Although the generals are justified in lamenting this unfortunate  situation, their outrage is a bit disingenuous. They themselves are the  ones who dictate the outlines of the political system, and they have shaped  it so that parties reflect military ideas of order and discipline.  Conditioned by their training, they like dealing with a handful of  autocrats and are repelled by the brawling untidiness of open politics.  Laws that govern Turkish political parties, including those that make it  all but impossible to challenge or depose party leaders, were inspired by  the generals themselves. So was Article 68 of the constitution, which  allows the banning of any party whose program is found to conflict with  "the democratic and secular order." And beyond these laws is the memory of  three coups staged by the military, the execution of a prime minister and  the jailing and humiliation of hundreds of politicians, along with the  knowledge that dissidents have little legal protection from the vengeance  of the ruling elite. With its array of spoken and unspoken laws, this  system allows generals to control politicians and, ultimately, the course  of the nation.

 To ensure that the public does not stray too far from the ruling ideology,  not only the political system but also the press must be brought to heel.  In Turkey this is done with marvelous efficiency. The most potent weapon in  the state's hand is a set of laws that allow reporters and editors to be  imprisoned, newspapers to be closed and radio or television stations to be  silenced if they challenge any aspect of the ruling dogma. Beyond those  laws is the structure of the press itself, which functions not as an  independent watchdog or critic but as a conscious part of the ruling  system. Publishers readily accept guidance from the state about what should  and should not be published, even to the point of suspending or firing  columnists about whom the generals complain.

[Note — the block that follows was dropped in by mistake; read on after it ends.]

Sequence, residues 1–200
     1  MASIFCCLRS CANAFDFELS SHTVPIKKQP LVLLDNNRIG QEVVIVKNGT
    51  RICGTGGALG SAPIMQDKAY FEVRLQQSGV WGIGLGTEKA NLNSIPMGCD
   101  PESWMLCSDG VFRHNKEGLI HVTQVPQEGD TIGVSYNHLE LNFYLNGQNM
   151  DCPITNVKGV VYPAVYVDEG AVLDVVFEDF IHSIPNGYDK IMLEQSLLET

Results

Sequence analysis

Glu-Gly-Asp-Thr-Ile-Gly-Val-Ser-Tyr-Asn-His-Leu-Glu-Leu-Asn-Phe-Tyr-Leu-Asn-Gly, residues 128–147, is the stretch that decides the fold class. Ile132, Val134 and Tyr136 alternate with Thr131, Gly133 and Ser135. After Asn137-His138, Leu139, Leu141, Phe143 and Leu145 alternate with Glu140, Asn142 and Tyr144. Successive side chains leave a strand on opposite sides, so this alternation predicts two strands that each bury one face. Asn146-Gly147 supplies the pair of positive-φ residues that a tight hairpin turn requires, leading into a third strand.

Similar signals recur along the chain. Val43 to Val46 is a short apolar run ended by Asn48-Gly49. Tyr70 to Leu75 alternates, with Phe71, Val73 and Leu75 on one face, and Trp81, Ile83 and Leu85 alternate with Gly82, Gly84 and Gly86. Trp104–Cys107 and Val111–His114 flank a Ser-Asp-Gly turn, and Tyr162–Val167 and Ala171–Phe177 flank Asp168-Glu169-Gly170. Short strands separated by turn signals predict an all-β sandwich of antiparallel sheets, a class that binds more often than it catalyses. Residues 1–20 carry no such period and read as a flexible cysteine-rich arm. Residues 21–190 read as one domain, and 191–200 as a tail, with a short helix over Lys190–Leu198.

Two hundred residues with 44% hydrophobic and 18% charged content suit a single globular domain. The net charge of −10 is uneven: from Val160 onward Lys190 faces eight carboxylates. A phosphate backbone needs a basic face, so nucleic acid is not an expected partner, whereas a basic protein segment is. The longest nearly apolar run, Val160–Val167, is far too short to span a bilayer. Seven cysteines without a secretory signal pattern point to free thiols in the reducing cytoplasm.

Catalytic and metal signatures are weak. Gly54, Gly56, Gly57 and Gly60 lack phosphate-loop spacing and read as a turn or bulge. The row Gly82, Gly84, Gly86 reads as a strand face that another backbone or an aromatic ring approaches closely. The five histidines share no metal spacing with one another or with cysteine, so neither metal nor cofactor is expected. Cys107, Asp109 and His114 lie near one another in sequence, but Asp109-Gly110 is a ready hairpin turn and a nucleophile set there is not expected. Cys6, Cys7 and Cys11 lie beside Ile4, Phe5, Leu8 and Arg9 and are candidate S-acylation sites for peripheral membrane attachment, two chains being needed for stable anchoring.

Eighty percent of the total circulation of Turkish newspapers and many of  the country's most powerful broadcast outlets have traditionally been  controlled by two industrial groups that together function very much like a  cartel. Under a gentlemen's agreement between these groups, no reporter or  columnist fired by one may be hired by the other. Their collaboration with  each other and with the ruling elite is dictated not simply by misguided  patriotism but also by crude economic interests. The cartel that runs the  news business is also involved in a host of other enterprises, from real  estate to power generation, that succeed or fail according to Ankara's  whim. Thus do press barons join generals and leaders of political parties  as key figures in the maintenance of the status quo.

 Turks do not torment themselves by asking endlessly how they can push the  army and its allies away from politics. They know the answer. All they need  to do is elect a capable and united government that could assert civilian  power. Such a government would be able to act without much resistance.  Certainly the army is not willing to surrender its power to make key  decisions, and someday that may lead to a confrontation. But today military  commanders would give up much of their political power without a fight.  Unlike commanders in countries under military dictatorship, they are not  grasping to dominate every aspect of society. They seem genuinely to regret  that they must intervene so often, and would welcome a strong civilian  regime that would allow them to concentrate on military matters. Such a  regime, however, is only beginning to take shape.

 The larger reason for this state of affairs, beyond the structural weakness  of Turkey's political system, lies in the nation's deep uncertainty about  its identity and future. Should it look east or west, turn toward its Asian  or its European heritage, take the risks of democracy or remain wrapped in  comfortable paternalism? Many of today's Turkish leaders believe the  Ottoman Empire was brought down by treacherous citizens who joined with  foreign powers to extract special privileges from the state or to break  away from it entirely. They fear that if they yield to the rising demand  for recognition of Turkey's political, social, religious and ethnic  diversity, the Republic will ultimately be dismembered and collapse just as  the empire did.